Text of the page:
Bringing your cat or dog to France is much less of a hassle than many other countries. In fact, living a dog’s life in Paris can be pretty luxurious, so if you bring your dog for a two week vacation, don’t expect he or she will return willingly – what? More security checks! No way.
If you’re considering bringing a pet to France, there are a few basic requirements – rabies shots for cats and dogs between one year – and one month before departure. You’ll also need to take your pet for a check up with the vet not sooner than a week
The most important chore is to get your dog or cat’s rabies shots. Keep in mind that if it’s your pet’s first rabies shot, you’ll need to wait 21 days between the last shot of the vaccination protocol and departure.
For animals that have already had rabies shots, you’ll want to bring its shots up to date. Ask the vet for a vaccination certificate.
Although European cats and dogs now have pet passports, US pets will be expected to have a microchip (standard ISO 11784 or annex A ISO standard 11785) or a tatoo. If the microchip’s standard is different, you must bring your own scanner in order to read the microchip. Microchips can be purchased at pet stores such as pettravelstore.com but you’ll need to have your veterinarian implant it.
France allows you to bring up to 3 dogs or cats, but only one puppy or kitten from 3-6 months old. Unlike some countries (Indonesia, for example) there’s no quarantine. Once you’ve picked up your pet and your luggage, you can head straight for customs. Have the necessary documents available if they ask for them (the health certifications should be written in French as well as English).
You may be surprised, as we were when brought a cat through customs, that the customs agents didn’t even bother looking at the medical reports. After we had gone to so much effort to make sure we had all the necessary papers, they sent us straight through. Probably the worst part of a voyage with animals is going through the security checkpoints (if your cat or dog is small enough to go with you in the cabin).
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Keeping track of your pet
Most dogs in France have two forms of ‘tatouage’ or tattoo. The ear tattoo provides all the necessarily information to reunite a dog with its owner – or the ‘puce’ is an computer chip which services the same purpose.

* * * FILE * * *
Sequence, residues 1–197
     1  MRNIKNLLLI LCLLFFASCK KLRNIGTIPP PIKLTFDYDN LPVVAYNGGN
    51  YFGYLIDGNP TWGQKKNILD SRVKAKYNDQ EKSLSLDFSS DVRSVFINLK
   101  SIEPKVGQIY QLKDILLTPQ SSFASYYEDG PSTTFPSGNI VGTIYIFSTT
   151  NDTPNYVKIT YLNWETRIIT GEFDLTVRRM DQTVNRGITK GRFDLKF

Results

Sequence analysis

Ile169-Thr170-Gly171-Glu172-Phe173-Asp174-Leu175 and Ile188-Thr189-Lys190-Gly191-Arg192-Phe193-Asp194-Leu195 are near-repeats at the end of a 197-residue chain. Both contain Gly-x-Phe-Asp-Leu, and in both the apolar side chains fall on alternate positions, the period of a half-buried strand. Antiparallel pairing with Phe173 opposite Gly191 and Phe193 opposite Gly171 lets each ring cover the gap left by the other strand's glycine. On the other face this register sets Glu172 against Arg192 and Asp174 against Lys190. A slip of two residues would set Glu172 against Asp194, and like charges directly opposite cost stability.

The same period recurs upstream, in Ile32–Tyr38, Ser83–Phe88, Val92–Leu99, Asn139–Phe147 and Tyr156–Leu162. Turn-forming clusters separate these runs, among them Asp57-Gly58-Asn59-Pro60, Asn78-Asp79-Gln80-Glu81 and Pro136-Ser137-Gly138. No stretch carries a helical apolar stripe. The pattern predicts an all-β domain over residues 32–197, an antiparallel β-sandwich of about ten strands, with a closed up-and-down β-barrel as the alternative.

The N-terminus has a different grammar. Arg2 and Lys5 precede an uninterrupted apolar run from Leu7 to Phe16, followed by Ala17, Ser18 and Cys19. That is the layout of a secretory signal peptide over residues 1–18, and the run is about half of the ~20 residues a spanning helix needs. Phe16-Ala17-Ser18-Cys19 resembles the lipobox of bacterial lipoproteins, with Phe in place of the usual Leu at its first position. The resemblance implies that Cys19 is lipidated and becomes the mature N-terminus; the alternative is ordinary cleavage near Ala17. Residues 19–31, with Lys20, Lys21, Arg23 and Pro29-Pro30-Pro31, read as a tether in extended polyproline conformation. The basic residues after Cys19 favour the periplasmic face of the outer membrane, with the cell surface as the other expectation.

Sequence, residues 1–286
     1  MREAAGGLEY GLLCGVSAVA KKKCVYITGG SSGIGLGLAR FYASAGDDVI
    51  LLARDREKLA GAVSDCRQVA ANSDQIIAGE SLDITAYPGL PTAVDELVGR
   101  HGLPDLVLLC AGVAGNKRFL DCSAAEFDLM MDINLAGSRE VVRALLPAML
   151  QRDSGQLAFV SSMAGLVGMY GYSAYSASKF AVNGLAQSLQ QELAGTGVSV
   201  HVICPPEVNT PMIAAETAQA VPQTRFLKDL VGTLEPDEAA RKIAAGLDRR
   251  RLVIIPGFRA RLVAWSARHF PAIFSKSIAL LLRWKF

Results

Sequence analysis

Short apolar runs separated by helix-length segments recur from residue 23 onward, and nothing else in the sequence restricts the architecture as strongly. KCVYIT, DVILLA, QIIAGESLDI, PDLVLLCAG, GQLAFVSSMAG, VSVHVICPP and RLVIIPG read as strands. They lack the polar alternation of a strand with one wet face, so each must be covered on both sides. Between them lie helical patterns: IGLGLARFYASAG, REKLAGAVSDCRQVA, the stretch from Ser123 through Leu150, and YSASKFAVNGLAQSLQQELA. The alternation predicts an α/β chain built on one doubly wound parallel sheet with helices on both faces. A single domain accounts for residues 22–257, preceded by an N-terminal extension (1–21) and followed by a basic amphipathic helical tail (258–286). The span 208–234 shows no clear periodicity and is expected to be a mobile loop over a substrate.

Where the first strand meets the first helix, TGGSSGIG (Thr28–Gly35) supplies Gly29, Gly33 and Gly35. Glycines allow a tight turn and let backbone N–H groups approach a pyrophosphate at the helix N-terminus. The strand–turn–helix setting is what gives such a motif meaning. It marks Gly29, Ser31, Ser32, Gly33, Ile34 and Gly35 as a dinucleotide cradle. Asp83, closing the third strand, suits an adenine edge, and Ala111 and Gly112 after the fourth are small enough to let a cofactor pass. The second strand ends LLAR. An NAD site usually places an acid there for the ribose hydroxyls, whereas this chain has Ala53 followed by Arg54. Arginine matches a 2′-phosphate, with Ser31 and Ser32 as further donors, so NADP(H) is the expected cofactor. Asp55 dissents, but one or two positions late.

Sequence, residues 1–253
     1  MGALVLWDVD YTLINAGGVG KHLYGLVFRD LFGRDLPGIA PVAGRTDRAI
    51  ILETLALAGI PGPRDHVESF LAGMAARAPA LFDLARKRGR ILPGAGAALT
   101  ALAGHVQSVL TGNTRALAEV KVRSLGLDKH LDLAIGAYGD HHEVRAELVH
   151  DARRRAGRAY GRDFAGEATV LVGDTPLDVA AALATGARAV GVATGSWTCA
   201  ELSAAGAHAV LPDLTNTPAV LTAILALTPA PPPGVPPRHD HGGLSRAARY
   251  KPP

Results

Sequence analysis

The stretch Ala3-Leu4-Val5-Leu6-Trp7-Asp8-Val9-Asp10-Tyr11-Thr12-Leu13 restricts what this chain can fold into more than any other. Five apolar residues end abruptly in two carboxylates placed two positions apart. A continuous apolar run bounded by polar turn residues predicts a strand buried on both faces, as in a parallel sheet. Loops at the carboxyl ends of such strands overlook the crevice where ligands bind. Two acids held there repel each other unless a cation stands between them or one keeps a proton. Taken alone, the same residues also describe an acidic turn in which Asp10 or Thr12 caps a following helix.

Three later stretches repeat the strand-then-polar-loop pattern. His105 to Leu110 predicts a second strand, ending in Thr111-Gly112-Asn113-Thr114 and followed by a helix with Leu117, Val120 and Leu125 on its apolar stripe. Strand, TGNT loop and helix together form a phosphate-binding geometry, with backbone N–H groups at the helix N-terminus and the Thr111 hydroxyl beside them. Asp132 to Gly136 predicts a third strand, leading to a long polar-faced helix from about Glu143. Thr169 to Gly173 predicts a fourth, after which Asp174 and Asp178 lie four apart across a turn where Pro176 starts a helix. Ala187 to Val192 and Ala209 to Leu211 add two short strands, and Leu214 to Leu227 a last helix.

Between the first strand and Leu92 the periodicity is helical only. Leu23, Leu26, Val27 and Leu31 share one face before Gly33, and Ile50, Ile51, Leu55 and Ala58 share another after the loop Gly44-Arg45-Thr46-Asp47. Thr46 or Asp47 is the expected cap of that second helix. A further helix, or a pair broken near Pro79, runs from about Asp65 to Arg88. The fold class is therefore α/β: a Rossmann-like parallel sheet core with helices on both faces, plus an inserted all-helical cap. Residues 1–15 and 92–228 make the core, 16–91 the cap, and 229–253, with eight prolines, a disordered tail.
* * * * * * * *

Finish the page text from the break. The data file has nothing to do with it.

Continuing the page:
If you’re coming from England to France, keep in mind that the ‘tatouage’ system in France doesn’t necessarily have immediate access to the English tracking system. If you loose your dog, time is always of the essence so you’ll want to add get your dog (or cat) registered in the French computer system. An identifying dog tag lets people know automatically that he or she isn’t a stray.
Dogs are welcome in many Paris cafes and even restaurants if they are well-behaved. Remember that when you walk your dogs in Paris, you should curb your dogs and pick up after them (just like at home).
If you should lose your dog during your trip, you should contact the Mairie of your arrondissement (town hall). Stray dogs can also end up at a ‘refuge’. If you’re traveling outside Paris in the countryside, remember this trick ( for humans, not for lost dogs). Go outside around midnight and call out your dog’s name. This is really good advice, especially if you’re in high traffic areas. At midnight or after midnight, sound travels better, and if your dog is lost, he has a better chance of hearing your voice.
Pet passports. European pets now can get passports. If you plan on visiting other countries, particularly England, you should know that some of the rulings vary from country to country. While it’s quite simple to fly into Paris with a dog, England will probably demand more documentation and will be more rigorous.
For more information about traveling with animals to France, you should also contact the airline you intend to use. Very few airlines allow cats or dogs in the cabin with passengers. When we traveled with a cat, Air France was still allowing small cats or dogs to travel in the cabin if they could be stowed under your seat. You’ll still have to take your pet out of its carry-on when you go through security.
When you get to Paris
When you’re in Paris, you’ll probably want to take your pet to some Paris parks. Parc Buttes Chaumont and Parc Montsouris both allow dogs. These parks have twisting roads and plenty of slopes so your pal can get a good day’s workout.
Having a dog in Paris is a great way to meet people. Parisians love dogs – more than babies even. When I aupaired for two one-year olds, people always stopped to look at the adorable terrier, not the kids.